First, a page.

The documentary genre has seen a surprising resurgence in the past coupleof years with Spellbound, Touching the Void and Fahrenheit 9/11 all becomingbona fide hits. The latest addition is March of the Penguins, which has beena massive sleeper hit over the summer in the US. Raking in over US$75 millionand out grossing big-budget flicks such as The Island and Bewitched, it’sbeen quite a sensation.
Following the mating and breeding habits of the Emperor penguins in theAntarctic, the film is a journey that is taken so that the species cansurvive. They all travel to their traditional breeding ground, an area sobleak, cold and unrelenting many do not make the trip. They then pair offinto monogamous couples and mate. But after the females lay their eggs, thepenguins take on an intriguing role reversal. While the males take care ofthe eggs and protect them from the harsh weather, the females travel to thesea for food. The males often don’t eat for up to 120 days as they wait forthe females to return. There is a fight for survival as the males huddletogether to stay warm and protect their offspring at any cost.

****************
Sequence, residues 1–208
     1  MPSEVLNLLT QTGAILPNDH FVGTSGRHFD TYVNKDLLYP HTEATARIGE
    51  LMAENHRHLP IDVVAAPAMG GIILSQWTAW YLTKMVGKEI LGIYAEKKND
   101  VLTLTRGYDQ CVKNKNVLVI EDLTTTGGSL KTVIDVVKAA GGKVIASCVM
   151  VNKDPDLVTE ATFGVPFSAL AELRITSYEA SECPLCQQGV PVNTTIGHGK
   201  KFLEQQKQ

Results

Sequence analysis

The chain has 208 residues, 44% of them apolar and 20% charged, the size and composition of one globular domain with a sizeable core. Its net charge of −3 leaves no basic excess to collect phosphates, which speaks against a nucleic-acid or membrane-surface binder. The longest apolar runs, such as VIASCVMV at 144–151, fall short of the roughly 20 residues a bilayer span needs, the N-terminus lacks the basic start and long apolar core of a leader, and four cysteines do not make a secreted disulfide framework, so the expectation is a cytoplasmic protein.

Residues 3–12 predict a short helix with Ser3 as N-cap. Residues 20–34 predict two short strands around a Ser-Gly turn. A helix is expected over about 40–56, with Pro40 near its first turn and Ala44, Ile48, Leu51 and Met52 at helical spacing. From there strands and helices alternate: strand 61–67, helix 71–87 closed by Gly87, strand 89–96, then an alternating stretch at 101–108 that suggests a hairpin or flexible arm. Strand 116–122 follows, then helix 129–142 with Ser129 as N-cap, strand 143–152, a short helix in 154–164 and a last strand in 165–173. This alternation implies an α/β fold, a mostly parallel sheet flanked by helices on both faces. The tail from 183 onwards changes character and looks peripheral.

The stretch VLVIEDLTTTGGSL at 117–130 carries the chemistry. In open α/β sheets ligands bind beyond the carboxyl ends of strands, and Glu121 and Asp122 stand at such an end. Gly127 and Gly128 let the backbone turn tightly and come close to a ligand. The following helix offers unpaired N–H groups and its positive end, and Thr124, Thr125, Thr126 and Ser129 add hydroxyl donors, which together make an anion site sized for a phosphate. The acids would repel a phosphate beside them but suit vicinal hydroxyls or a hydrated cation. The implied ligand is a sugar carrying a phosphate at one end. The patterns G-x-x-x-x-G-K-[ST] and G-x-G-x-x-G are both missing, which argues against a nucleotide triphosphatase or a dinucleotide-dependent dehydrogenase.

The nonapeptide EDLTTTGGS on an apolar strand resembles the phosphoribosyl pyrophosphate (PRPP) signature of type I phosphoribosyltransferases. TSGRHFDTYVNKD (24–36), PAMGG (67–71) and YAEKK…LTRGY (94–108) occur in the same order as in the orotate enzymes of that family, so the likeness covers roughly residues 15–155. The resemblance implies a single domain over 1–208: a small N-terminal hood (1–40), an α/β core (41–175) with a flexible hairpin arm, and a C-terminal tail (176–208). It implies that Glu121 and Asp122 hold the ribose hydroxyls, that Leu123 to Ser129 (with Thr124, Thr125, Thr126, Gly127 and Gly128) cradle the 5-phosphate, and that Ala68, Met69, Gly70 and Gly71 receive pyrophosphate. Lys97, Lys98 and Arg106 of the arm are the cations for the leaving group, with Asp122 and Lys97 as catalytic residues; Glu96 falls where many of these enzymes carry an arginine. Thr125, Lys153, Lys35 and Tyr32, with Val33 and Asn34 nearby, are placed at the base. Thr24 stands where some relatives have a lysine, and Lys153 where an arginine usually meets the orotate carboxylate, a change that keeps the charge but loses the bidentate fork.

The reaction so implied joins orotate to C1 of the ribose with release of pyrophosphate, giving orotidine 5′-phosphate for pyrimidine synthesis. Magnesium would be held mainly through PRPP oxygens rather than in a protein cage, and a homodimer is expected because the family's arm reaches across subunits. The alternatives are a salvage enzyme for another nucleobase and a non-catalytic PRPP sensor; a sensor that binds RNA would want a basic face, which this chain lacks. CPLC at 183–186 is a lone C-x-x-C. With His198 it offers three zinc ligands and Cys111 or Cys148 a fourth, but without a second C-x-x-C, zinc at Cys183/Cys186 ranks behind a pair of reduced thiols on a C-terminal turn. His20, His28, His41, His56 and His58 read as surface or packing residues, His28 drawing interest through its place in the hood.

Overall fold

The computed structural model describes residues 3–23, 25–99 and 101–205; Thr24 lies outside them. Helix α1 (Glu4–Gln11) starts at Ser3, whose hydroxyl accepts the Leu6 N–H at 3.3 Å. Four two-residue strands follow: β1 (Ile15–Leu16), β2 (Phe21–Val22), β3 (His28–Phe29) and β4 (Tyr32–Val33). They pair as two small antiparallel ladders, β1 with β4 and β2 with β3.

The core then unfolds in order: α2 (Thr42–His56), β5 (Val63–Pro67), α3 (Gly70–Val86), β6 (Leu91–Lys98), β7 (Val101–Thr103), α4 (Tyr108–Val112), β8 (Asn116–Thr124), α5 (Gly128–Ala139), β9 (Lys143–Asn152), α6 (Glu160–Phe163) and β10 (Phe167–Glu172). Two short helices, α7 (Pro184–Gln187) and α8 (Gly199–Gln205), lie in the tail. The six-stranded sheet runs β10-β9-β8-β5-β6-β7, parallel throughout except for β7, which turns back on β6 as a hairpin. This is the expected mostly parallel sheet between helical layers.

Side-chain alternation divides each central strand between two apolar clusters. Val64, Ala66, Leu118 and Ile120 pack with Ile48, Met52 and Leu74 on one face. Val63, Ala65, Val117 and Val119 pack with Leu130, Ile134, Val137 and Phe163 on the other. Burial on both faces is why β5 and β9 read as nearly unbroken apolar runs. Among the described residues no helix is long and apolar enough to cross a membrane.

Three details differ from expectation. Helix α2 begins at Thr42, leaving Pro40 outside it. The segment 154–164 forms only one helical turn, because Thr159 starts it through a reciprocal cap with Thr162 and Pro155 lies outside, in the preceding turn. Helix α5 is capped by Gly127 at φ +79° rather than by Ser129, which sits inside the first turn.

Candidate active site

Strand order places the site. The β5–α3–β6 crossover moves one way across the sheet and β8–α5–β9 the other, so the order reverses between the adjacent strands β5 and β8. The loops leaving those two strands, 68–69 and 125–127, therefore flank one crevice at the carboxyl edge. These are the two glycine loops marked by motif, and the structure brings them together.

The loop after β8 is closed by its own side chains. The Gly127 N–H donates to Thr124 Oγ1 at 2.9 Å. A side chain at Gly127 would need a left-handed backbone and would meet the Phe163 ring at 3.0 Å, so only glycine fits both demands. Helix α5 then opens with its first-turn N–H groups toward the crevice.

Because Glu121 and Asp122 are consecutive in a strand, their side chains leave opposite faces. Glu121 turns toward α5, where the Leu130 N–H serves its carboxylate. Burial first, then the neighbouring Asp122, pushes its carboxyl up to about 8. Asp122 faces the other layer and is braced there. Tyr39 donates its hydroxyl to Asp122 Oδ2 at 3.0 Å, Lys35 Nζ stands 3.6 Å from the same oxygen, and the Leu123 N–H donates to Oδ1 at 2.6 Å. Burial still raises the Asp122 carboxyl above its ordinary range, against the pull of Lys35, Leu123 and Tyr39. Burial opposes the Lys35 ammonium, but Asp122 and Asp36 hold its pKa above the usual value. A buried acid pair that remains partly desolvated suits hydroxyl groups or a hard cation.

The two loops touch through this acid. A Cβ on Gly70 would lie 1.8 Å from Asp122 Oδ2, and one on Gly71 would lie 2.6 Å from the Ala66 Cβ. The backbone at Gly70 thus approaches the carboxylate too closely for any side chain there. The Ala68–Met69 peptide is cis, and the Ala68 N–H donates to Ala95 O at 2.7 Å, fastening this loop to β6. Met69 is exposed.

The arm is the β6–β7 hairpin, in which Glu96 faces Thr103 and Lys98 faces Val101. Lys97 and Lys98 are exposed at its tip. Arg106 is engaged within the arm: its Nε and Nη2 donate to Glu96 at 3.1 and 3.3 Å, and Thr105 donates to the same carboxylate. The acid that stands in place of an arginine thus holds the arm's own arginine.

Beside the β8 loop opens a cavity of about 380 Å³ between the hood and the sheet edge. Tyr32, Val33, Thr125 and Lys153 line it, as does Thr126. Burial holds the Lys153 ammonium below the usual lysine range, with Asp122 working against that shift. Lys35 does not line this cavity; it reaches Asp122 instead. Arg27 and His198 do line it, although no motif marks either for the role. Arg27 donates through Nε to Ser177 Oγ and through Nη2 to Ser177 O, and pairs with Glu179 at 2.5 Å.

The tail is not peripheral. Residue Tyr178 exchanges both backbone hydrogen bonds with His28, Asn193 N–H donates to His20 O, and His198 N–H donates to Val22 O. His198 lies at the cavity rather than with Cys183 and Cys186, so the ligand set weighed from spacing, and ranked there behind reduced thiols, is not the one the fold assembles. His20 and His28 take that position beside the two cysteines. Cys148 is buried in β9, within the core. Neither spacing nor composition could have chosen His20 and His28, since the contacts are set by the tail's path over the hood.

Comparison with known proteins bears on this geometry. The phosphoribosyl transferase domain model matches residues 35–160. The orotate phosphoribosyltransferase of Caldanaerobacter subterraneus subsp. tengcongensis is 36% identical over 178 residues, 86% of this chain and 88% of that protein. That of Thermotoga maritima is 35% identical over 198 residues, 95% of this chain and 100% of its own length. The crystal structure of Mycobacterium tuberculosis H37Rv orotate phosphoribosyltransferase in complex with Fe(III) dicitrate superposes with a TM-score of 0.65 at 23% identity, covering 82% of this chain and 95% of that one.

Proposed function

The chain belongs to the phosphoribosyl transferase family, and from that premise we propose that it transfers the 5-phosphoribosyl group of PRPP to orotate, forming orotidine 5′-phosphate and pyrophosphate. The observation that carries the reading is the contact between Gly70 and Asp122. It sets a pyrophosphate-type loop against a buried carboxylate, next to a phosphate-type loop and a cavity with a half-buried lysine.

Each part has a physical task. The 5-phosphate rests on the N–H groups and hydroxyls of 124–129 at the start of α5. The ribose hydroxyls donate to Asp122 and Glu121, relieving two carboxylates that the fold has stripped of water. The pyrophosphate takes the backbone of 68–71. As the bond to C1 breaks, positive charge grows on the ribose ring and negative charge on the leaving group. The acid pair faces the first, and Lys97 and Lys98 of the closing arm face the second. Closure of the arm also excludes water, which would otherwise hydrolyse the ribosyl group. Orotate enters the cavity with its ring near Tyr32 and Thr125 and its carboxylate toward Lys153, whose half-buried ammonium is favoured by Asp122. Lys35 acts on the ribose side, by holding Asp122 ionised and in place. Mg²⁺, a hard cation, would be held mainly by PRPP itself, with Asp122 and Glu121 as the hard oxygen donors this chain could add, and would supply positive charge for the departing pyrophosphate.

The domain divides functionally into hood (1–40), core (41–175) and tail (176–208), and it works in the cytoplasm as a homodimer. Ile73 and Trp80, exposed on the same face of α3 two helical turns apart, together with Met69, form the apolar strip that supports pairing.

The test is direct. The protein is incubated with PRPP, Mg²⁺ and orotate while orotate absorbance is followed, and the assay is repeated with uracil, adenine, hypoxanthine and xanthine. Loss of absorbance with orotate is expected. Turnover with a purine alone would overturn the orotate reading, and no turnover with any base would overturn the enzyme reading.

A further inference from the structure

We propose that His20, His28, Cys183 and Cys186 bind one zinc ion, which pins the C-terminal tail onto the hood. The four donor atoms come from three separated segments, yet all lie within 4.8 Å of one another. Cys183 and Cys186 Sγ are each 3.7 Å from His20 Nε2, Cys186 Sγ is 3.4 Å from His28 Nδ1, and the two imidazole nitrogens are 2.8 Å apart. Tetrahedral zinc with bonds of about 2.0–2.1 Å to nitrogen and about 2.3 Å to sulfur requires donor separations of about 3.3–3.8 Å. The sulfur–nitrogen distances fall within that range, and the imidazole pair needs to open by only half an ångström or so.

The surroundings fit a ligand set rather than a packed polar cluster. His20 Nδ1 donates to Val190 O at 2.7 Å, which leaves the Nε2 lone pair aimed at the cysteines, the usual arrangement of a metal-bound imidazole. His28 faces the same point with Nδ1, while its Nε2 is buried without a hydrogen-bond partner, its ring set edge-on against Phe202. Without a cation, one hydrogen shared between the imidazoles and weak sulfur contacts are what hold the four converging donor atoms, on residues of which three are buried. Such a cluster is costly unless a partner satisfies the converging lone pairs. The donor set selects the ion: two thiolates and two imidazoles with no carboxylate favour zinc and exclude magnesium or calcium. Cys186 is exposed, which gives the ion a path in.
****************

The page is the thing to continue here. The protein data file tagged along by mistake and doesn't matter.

Nature documentaries are often not hugely involving, but there’ssomething about March of the Penguins that just grabs you from the outset.It may help that it’s narrated by Morgan Freeman, who can give an air ofauthenticity and wisdom to just about anything. The film makers areincredibly skilled in sketching out the penguins in a humane manner.You’ll find yourself caring about their plight in a way that youcould never have expected.
The intimacy of the cinematography is amazing as we get to seeevery intimate detail of their bizarre ritual. From the quirkiness of theinitial march to the surprising poignancy of the baby penguins who don’tsurvive the harsh weather, the film manages to appeal to a wide array ofemotions. Originally made in French and then translated around the world,it’s surely a dead cert for next year’s best documentary Oscar.
If you would never go to see a nature documentary onprinciple, think again. Morgan Freeman tells us this is a storyprimarily about love. Cleverly released in the Christmas season in the UK,this deserves to repeat its US success and will surely cause a massiveincrease in the sales of stuffed penguin toys. Appealing to all the family, March of the Penguinsis perfect holiday fare – and for the easily amused sections of theaudience, there are plenty of gratuitous shots of penguins falling over.One of the year’s most surprising and uplifting movies.